How to approach complex mixtures: lessons from the epidemiology of electromagnetic fields.

Abstract

The problem posed by electric and magnetic fields (EMF) is an example of a class of problems increasingly faced by environmental epidemiologists. An easily observed characteristic of location is associated with disease. This characteristic is clearly a surrogate for some component of a complex mixture, but there is no compelling biological theory to indicate what the responsible component or components are. Indeed, the lack of theory and a measurable agent leads some to doubt the reality of the association between disease and the surrogate. How does one home in on the responsible component of the mixture? The research strategy for approaching EMF health effects by the California Department of Health Services is described. The author argues, from some preliminary results about the stability of spot measurements and personal monitoring for magnetic field intensity, that the time integral of magnetic field intensity may not be a prime candidate as a causal agent of cancer. An approach is suggested for evaluating locations with cancer clusters in the context of a systematic study which could provide useful information. The approach used for EMF is generalized for other complex mixture problems such as the sick building syndrome. Nine recommendations are made.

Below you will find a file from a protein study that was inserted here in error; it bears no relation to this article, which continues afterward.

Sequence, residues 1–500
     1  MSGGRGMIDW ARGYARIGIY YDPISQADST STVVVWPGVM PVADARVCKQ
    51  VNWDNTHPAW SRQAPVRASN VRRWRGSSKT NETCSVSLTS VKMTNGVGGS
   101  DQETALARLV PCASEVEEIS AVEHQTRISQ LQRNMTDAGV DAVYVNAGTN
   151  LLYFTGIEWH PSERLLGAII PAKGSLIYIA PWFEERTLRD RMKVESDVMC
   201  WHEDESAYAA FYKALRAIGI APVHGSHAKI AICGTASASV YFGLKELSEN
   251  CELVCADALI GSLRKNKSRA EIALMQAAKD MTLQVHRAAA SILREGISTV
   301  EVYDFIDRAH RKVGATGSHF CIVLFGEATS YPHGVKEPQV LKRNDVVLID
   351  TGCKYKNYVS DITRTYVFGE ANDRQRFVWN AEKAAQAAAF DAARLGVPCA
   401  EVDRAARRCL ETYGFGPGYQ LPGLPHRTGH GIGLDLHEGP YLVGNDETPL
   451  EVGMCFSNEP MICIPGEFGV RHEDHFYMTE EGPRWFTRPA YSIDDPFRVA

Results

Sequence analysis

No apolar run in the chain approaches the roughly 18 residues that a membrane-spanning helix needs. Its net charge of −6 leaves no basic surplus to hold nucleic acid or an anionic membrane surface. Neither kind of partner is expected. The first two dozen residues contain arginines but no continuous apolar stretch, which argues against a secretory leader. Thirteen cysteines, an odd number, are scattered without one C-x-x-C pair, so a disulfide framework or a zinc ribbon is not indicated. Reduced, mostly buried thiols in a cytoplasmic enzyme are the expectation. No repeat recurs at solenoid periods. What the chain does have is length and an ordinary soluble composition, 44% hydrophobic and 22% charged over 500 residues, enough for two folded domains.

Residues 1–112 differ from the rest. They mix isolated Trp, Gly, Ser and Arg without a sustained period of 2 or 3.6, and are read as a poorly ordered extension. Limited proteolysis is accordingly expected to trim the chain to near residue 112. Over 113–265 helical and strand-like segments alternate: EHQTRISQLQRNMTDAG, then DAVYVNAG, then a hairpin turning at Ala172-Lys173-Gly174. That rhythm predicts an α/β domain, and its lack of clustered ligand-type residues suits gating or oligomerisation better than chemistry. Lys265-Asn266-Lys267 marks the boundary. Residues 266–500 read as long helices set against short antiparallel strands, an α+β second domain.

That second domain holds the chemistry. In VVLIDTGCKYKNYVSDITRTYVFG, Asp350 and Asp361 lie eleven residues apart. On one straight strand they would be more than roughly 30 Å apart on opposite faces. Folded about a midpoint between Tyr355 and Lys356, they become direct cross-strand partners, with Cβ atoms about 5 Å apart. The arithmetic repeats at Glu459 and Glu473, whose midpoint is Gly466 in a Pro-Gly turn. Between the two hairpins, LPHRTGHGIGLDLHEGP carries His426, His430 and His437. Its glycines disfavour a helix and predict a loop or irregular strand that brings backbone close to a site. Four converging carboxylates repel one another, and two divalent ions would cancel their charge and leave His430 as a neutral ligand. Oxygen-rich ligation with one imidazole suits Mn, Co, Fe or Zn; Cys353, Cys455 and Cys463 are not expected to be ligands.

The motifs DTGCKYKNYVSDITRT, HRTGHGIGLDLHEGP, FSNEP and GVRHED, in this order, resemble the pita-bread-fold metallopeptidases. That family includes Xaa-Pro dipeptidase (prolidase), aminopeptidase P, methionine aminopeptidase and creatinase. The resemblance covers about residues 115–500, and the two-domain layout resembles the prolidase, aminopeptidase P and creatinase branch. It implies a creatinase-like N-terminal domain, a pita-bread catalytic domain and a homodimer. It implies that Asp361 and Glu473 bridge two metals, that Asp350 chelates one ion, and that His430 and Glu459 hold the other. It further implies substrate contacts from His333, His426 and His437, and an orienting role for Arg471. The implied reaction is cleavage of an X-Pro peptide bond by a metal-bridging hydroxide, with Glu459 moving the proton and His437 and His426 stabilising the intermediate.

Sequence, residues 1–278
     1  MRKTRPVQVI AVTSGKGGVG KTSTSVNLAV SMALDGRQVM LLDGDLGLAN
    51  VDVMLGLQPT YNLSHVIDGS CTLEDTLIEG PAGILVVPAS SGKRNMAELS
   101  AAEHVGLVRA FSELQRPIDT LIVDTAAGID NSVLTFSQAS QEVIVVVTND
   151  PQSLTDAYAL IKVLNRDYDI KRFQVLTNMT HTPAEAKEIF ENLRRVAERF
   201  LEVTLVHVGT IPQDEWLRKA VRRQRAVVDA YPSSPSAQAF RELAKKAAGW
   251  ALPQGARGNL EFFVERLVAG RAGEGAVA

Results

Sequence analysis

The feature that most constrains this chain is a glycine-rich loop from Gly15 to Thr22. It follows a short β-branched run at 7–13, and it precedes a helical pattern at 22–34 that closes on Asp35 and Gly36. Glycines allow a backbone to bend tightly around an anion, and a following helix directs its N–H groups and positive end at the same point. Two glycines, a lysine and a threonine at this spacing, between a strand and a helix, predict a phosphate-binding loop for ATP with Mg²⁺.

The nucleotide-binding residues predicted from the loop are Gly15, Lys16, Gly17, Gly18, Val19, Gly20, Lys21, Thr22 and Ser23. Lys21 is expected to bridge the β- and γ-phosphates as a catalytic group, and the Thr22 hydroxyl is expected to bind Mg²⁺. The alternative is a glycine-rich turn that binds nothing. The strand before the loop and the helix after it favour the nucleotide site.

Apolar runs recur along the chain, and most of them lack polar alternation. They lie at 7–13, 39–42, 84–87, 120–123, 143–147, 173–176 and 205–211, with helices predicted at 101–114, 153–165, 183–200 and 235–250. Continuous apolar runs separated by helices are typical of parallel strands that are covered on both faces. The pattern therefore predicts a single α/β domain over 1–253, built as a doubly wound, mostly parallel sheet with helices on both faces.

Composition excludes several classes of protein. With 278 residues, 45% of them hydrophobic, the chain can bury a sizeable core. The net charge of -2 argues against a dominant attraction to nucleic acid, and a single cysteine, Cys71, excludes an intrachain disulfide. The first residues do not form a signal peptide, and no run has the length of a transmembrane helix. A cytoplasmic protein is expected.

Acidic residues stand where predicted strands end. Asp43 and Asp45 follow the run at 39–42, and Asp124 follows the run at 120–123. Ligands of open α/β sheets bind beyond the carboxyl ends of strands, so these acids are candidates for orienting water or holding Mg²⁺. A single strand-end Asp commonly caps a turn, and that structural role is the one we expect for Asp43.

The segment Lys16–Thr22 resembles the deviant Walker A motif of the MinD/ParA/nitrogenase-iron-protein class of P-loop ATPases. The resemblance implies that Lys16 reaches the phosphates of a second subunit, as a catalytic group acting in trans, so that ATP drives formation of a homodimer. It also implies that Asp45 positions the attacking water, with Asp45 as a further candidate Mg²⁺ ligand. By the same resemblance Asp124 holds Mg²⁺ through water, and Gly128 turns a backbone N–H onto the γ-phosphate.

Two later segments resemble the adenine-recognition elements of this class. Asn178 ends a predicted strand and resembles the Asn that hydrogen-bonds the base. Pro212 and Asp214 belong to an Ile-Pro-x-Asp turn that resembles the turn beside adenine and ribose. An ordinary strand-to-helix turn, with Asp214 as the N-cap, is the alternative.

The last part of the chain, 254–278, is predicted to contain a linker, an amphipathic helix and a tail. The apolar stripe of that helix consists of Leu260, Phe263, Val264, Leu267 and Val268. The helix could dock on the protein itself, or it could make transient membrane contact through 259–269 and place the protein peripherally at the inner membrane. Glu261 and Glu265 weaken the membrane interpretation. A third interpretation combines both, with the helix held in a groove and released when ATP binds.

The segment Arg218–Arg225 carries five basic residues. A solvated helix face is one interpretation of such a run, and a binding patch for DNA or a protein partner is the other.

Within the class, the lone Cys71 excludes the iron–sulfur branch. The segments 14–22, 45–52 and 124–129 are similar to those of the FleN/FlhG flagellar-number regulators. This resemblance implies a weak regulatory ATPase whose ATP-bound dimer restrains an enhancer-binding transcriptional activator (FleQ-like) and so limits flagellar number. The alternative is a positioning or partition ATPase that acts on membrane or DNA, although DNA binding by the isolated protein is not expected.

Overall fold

Cite this paper

@article{Neutra1991HowTA, title={How to approach complex mixtures: lessons from the epidemiology of electromagnetic fields.}, author={Raymond Richard Neutra}, journal={Public health reviews}, year={1991}, volume={19 1-4}, pages={1-17} }